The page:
We did spot tigers on 2 occasions, by the way. The first we could see him, Pacman, rather up close. He just strutted by our Jeep. The second time it was a female, Laila, I believe, and she was busy killing a wild boar. We heard her more than we could see her.

Throughout this little excursion I could help but be reminded of a couple of my favourite passages from Amitav Ghosh’s novel The Hungry Tide. In this passage, one of the characters, Kusum, is pondering why it is humans around the world who throw money at foreign (to India) NGOs like the World Wide Fund for Nature, to save tigers when their actions are helping to ethnically cleanse humans:

“Saar,” she said, wiping her face, “the worst part was not the hunger or the thirst. It was to sit here, helpless, and listen to the policemen making their announcements, hearing them say that our lives, our existence, was worth less than dirt or dust. “This island has to be saved for its trees, it has to be saved for its animals, it his a part of a reserve forest, it belongs to a project to save tigers, which is paid for by people from all around the world.” Every day, sitting here, with hunger gnawing at our bellies, we would listen to these words, over and over again. Who are these people, I wondered, who love animals so much that they are willing to kill us for them? Do they know what is being done in their names? Where do they live, these people, do they have children, do they have mothers, fathers? As I thought of these things it seemed to me that this whole world has become a place of animals, and our fault, our crime, was that we were just human beings, trying to live as human beings always have, from the water and the soil. No human being could think this a crime unless they have forgotten that this is how humans have always lived–by fishing, by clearing the land and by planting the soil. (261-262)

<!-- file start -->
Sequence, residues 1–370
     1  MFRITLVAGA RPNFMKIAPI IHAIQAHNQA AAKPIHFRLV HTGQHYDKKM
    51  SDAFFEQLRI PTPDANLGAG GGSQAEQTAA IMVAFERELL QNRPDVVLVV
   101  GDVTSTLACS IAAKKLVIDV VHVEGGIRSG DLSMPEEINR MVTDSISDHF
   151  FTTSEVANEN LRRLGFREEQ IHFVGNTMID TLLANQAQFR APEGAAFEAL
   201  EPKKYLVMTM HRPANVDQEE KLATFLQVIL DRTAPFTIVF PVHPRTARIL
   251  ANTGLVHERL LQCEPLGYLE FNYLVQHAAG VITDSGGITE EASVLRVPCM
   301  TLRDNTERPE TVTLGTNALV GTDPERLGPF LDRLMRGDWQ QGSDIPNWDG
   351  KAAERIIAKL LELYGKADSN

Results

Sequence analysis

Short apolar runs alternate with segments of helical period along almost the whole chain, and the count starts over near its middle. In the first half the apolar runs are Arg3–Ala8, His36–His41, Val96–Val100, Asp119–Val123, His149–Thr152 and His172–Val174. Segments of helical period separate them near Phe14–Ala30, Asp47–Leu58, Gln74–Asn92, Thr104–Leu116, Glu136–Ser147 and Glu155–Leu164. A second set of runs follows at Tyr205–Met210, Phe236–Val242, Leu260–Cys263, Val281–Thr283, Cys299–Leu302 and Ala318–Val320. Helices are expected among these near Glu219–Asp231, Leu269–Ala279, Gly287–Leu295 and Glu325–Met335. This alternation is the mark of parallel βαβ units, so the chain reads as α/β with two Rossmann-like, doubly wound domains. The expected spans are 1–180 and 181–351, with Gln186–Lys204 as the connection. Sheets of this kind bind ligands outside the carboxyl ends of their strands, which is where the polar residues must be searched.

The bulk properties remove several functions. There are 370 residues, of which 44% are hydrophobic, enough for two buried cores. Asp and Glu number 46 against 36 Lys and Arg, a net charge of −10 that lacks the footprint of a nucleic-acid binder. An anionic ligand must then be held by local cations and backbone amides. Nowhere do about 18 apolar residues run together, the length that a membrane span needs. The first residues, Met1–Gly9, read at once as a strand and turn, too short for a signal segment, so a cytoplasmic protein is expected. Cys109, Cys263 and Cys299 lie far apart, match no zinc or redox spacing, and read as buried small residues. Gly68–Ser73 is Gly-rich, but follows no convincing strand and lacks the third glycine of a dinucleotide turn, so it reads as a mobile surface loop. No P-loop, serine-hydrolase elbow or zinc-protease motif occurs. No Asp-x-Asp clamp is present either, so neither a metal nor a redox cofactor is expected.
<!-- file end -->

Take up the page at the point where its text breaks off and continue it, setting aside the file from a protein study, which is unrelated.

A similar conversation happens when an Indian American character, Piya, is told that she’s complicit in this preservation of wildlife over humans.

Piya dissociated herself with a shake of the head “I don’t see how I’m complicit.”
“Because it was people like you,” said Kanai, “who made a push to protect the wildlife here, without regard for the human costs. And I’m complicit because people like me–Indians of my class–that is–have chosen to hide these costs, basically in order to curry favour with their Western patrons. It’s not hard to ignore the people who’re dying–after all they are the poorest of the poor. but just ask yourself whether this would be allowed to happen anywhere else? There are more tigers living in America, in captivity, than there are in all of India–what do you think would happen if they started killing human beings?”
“But Kanai,” said Piya, “there’s a big difference between preserving a species in captivity and keeping it in its habitat.”
“And what is that difference exactly?” (301)

I think that if people approach sustainability, environmentalism, and the preservation with wildlife holistically that such questions won’t need to be asked any longer.